Decarboxylation is a necessary process if you want to get the therapeutic effects of CBD and efficiently convert CBDA to CBD. THC, meanwhile, will likely start to convert into cannabinol (CBN) if the temperature goes above 266°F (130°C). CBN tends to have “sleepy” effects, especially when combined with THC, myrcene, linalool, and alpha-humulene (which are terpenes often found in many cannabis types, and is usually most associated with Indica strains, although this is not a hard-and-fast rule).

Is There A Way to Retain Terpenes?

Sadly, cooking your cannabis-infused oil at high temperatures can sometimes burn off some of the terpenes. One way of overcoming this is by infusing your cannabis oil with fresh and dried herbs and spices such as rosemary and peppercorns, or even lavender flowers (linalool) and lemon & orange rinds (limonene).

Already Been Vaped (ABV) and Decarboxylated Cannabis – the Easiest Way to Make Canna Oil

If you vape your cannabis, you’re left with browned cannabis. Vaporisers don’t completely use up all the cannabinoids and terpenes left in the plant, so many people have taken to keeping their ABV cannabis and using it in other ways. What’s more is that the cannabis has already been decarboxylated, meaning you don’t have any extra work to do. ABV cannabis is not as strong, though, so keep this in mind.

To make canna oil using ABV weed, all you need is:

  • 500 ml olive or coconut oil (olive oil is probably a bit easier to work with in this instance)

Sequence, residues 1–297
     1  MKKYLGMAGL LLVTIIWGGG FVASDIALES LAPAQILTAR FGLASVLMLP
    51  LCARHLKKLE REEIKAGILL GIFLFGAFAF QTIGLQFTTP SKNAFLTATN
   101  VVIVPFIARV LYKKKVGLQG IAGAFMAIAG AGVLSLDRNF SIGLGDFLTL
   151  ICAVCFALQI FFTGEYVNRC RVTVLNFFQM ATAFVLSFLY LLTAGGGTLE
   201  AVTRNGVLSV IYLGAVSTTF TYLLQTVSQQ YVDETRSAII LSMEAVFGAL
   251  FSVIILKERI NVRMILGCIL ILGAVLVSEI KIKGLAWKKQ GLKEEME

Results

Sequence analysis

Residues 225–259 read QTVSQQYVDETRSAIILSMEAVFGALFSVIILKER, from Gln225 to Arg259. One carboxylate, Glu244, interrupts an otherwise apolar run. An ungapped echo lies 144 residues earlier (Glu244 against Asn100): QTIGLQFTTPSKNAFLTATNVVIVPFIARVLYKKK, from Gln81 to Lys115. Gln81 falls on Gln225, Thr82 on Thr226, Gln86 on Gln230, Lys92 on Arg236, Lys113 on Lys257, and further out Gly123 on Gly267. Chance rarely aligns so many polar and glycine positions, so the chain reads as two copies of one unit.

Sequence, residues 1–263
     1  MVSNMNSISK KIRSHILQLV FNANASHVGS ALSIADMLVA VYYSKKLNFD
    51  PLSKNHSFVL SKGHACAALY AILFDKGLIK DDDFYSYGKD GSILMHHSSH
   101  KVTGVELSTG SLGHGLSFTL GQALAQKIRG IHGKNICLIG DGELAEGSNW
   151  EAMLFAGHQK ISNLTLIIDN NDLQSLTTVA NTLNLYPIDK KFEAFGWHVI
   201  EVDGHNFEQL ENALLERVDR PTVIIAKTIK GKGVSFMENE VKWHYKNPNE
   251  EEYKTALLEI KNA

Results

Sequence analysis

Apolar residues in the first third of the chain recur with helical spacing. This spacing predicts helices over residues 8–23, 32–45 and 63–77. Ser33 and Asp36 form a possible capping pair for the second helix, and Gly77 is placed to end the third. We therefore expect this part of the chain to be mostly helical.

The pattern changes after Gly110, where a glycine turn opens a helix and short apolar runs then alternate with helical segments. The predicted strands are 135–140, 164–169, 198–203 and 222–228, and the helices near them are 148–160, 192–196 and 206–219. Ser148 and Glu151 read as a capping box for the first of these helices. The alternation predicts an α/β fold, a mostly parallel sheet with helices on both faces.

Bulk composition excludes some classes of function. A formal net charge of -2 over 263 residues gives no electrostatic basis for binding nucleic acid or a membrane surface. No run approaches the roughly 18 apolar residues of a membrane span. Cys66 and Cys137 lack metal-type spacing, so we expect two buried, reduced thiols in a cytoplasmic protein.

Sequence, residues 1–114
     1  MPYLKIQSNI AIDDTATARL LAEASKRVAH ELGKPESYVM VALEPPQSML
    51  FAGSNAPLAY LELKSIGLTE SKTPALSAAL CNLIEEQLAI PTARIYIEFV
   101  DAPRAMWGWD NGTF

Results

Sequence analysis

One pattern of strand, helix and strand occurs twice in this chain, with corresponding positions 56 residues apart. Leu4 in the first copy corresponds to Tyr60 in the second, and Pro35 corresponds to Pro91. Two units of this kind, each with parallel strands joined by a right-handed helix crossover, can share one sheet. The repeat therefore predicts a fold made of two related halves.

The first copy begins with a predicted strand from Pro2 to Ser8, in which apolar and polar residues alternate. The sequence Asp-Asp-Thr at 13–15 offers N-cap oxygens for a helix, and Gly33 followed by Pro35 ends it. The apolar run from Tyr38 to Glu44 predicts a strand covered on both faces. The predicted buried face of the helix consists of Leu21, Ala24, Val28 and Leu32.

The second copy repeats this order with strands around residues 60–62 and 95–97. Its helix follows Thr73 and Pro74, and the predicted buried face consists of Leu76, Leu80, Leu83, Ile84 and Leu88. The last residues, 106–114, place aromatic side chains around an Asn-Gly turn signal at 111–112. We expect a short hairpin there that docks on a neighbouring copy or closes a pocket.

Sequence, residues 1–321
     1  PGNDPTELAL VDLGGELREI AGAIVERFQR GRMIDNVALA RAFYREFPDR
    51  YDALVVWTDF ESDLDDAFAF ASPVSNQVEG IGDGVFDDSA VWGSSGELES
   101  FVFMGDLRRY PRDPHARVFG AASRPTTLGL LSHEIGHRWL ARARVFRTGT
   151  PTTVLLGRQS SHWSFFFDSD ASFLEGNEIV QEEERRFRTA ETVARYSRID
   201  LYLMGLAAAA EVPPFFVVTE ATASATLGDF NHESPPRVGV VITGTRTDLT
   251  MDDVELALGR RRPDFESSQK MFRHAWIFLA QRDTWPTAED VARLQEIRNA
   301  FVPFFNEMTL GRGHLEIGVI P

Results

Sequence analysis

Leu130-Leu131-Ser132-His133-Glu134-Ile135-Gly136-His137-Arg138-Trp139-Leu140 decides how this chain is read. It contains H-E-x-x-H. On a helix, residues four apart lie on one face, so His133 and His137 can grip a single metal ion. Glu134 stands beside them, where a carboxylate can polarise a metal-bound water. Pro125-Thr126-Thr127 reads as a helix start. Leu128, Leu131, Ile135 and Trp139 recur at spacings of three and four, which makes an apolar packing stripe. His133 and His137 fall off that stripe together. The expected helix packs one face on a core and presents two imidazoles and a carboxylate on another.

• 10 – 20 grams ABV cannabis – use more or less, depending on the strength you’d prefer
  • An airtight container
  • A cheesecloth or a fine strainer

Method

  • Put ABV cannabis in airtight container
  • Cover it with the olive or coconut oil
  • Seal the container and shake it around
  • Keep the container in a cool, dark place for about 1 week, shaking it once every day
  • After about 1 week, strain the cannabis plant matter from the oil using a cheesecloth or fine mesh strainer.
  • You now have canna oil, which you can use as you wish in your favorite recipes
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Written by
Dipak Hemraj
Dipak Hemraj - Chief Research Officer

Dipak Hemraj is a published author, grower, product maker, and Leafwell’s resident cannabis expert. From botany & horticulture to culture & economics, he wishes to help educate the public on why cannabis is medicine (or a “pharmacy in a plant”) and how it can be used to treat a plethora of health problems. Dipak wants to unlock the power of the plant, and see if there are specific cannabinoid-terpene-flavonoid profiles suitable for different conditions.